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Costco v. Omega Update – Gray Market Purchases May Land You in the Red in the Ninth Circuit

Executive Summary - You may be liable for copyright infringement if you sell goods manufactured outside the US and if:

  1. the goods are subject to a US copyright; and
  2. you are subject to the jurisdiction of the Ninth Circuit (see below for a list of states and territories) or any other jurisdiction that follows the lead of the Ninth Circuit

The Supreme Court recently decided the Costco v. Omega case. Costco dealt with the issue of whether gray market goods manufactured outside of the US and subject to a US copyright could be resold in the US without the permission of the copyright holder.  A gray market good is a good which is sold legally though channels which are not authorized by the manufacturer.  Costco was selling gray market watches which were manufactured by Omega overseas.  The watches bore, on their back, a logo that was copyrighted in the US.

Previously, the Ninth Circuit, which covers the states and territories of Alaska, Arizona, California, Guam, Hawaii, Idaho, Montana, Nevada, Northern Mariana Islands, Oregon and Washington, had held that there are no first sale rights in goods acquired overseas. This means that if you purchase, on the gray market, a product that was manufactured outside the US and covered by a US copyright, you may not re-sell it within the US unless you have the authorization of the copyright owner.  According to the earlier Ninth Circuit holding, if you sell the product domestically, you would be infringing the rights of the copyright owner.

The Supreme Court decision was limited to the statement “The judgment is affirmed by an equally divided Court. Justice Kagan took no part in the consideration or decision of this case.” This means that the decision of the Ninth Circuit stands and remains the law in the Ninth Circuit.  Because the Supreme Court was evenly split on the issue, the case will not be seen as precedent-setting.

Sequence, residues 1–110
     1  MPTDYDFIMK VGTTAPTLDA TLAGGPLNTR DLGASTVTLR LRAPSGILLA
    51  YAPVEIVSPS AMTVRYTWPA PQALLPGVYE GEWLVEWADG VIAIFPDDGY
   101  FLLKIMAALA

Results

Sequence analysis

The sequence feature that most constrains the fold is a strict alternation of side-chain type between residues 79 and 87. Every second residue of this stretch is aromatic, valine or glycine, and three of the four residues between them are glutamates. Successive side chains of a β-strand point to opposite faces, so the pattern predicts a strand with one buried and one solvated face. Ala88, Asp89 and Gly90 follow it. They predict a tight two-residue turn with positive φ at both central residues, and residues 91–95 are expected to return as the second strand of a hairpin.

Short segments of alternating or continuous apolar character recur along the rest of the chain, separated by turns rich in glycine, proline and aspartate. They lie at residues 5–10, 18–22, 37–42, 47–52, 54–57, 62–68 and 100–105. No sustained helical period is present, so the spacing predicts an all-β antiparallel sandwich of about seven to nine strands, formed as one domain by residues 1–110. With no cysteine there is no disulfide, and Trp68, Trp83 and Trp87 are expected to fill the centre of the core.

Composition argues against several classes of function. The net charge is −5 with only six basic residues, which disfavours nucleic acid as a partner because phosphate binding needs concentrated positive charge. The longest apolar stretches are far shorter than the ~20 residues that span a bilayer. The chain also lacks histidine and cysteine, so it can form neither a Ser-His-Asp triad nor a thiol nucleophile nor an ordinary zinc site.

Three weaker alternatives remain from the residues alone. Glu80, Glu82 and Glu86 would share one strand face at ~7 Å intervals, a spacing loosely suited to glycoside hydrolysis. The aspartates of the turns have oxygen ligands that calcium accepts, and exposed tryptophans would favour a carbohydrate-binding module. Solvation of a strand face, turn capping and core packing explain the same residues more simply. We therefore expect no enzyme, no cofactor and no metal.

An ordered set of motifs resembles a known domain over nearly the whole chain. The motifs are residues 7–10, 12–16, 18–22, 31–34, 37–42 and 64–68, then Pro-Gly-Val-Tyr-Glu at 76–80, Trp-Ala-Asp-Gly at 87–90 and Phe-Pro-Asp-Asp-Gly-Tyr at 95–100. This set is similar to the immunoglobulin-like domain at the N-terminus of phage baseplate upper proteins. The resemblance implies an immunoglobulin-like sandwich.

In conclusion, you may be liable for copyright infringement if you sell goods manufactured outside the US and if:

  1. the goods are subject to a US copyright; and
  2. you are subject to the jurisdiction of the Ninth Circuit or any other jurisdiction that follows the lead of the Ninth Circuit

If you have any questions as to whether you have any copyright infringement liability for the imported goods you are selling, please do not hesitate to contact Vidas, Arrett and Steinkraus. 

This update was prepared by Jonathan Grad. Jonathan is an intellectual property lawyer and partner at Vidas, Arrett & Steinkraus. For help with your copyright matters, please contact Jonathan at 952-563-3010 or via email.

Disclaimer
This update should not be considered legal advice. Your receipt of this update does not establish an Attorney-Client Relationship. We do, however, invite you to contact us if you would like us to represent you.

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